Stele facts for kids

Kids Encyclopedia Facts
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Stela N, depicting King K'ac Yipyaj Chan K'awiil ("Smoke Shell"), as drawn by Frederick Catherwood in 1839

A stele is a stone or wooden slab, mostly taller than it is wide, that is erected for commemorative purposes. Mostly it is decorated with the names and titles of the person that shall remind of. This is inscribed, carved in relief or painted onto the slab.

History and function

Stelae were also used as territorial markers, as the boundary stelae of Akhenaten at Amarna, or to commemorate military victories. They were widely used in the Mesopotamia, Greece, Egypt, Ethiopia, and, quite independently, in China and some Buddhist cultures, and, more surely independently, by Mesoamerican civilisations, especially the Olmec and Maya. The huge number of stelae that survive from ancient Egypt and in Central America are one of the largest and most significant sources of information on those civilisations.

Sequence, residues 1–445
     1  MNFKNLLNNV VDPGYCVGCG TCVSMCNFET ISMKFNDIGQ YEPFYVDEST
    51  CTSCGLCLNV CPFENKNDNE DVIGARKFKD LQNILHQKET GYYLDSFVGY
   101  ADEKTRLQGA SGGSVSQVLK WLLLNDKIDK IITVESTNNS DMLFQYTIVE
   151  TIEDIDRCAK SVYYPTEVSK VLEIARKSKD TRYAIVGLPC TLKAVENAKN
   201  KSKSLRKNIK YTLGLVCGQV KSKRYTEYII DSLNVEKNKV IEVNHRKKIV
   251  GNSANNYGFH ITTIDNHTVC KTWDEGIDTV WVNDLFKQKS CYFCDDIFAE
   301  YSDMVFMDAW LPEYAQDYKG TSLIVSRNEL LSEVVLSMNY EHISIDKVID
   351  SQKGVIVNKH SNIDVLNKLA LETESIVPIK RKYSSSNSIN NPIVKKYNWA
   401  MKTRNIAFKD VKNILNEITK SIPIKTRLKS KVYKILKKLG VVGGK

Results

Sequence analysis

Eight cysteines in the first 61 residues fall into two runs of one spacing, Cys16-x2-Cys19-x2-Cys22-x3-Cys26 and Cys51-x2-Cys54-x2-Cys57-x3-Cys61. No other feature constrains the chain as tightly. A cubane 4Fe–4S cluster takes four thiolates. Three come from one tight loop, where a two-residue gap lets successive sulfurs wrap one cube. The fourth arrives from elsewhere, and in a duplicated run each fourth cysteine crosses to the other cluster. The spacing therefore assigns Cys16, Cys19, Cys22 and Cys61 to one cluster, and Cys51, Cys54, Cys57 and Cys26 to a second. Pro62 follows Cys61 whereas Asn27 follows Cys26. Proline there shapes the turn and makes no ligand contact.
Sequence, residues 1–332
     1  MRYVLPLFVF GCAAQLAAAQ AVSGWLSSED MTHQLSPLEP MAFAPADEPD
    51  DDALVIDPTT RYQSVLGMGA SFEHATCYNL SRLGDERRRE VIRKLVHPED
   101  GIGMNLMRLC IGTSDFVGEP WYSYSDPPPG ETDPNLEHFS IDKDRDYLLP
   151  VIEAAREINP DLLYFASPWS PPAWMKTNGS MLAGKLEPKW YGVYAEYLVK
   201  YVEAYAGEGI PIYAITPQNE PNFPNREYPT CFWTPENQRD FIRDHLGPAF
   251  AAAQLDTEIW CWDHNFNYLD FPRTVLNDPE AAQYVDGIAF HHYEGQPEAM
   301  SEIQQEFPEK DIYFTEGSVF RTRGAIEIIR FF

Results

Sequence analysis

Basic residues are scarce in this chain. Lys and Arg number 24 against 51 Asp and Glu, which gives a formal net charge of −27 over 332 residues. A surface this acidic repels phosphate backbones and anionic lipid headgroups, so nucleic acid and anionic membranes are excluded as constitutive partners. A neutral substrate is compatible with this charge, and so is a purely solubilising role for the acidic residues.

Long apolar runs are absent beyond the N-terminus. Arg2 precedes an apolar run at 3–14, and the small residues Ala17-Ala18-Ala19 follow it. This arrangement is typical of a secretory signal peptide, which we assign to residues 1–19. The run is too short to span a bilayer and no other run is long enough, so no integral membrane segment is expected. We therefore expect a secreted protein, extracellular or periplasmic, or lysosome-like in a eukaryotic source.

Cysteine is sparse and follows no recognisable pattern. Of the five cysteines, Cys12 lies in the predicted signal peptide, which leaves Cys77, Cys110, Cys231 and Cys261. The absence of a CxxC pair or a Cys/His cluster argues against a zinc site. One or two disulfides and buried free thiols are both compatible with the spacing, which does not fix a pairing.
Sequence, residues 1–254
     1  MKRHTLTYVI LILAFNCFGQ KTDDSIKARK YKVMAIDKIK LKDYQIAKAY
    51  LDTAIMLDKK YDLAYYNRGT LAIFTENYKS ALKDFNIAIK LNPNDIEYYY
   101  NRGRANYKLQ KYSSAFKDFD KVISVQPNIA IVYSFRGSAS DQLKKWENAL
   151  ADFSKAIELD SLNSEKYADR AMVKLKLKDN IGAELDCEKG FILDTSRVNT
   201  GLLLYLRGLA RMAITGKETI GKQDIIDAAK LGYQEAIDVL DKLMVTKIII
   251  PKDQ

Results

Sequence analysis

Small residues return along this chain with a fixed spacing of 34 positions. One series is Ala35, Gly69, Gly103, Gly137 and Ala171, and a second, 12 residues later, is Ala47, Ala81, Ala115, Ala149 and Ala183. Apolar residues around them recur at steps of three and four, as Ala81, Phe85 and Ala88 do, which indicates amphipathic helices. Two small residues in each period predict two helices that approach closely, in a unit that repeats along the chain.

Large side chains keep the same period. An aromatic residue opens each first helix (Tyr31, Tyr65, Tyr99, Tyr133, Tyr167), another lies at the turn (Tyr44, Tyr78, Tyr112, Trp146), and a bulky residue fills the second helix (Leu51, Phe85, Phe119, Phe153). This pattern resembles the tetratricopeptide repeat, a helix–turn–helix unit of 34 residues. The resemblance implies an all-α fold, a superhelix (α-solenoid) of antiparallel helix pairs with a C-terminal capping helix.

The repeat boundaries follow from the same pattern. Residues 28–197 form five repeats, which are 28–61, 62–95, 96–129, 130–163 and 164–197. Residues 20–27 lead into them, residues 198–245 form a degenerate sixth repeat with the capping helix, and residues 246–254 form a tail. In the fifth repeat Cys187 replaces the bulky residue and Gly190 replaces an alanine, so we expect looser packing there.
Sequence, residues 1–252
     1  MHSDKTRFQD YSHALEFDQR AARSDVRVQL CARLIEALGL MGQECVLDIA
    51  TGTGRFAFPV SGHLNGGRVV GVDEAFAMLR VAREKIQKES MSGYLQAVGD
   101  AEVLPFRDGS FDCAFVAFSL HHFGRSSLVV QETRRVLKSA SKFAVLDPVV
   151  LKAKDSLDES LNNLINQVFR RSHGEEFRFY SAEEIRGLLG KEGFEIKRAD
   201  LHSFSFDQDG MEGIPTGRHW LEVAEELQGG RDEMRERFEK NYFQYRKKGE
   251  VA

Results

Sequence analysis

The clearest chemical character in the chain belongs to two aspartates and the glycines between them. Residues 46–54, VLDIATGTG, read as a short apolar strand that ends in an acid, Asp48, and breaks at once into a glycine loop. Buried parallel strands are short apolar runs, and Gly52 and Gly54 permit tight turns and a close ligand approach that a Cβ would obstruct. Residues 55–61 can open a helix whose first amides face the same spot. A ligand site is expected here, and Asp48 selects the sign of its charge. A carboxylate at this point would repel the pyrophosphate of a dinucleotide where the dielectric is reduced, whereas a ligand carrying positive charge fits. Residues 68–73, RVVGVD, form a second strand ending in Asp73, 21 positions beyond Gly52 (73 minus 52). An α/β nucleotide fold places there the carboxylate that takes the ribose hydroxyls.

Unfinished standing stones, set up without inscriptions from Libya in North Africa to Scotland were monuments of pre-literate Megalithic cultures in the Late Stone Age.

An obelisk is a specialized kind of stele. The Celtic high crosses of Ireland, Scotland, and Wales are specialized stelae. Likewise, the totem pole of North and South America is a type of stelae. Gravestones are also kinds of stelae.

In 2004 the architect Peter Eisenman created a field of some 2,700 blank stelae, the Memorial to the Murdered Jews of Europe in Berlin to memory of the Holocaust.

Notable individual stelae

Gallery

Related pages

Footnotes and references

Images for kids


Stele Facts for Kids. Kiddle Encyclopedia.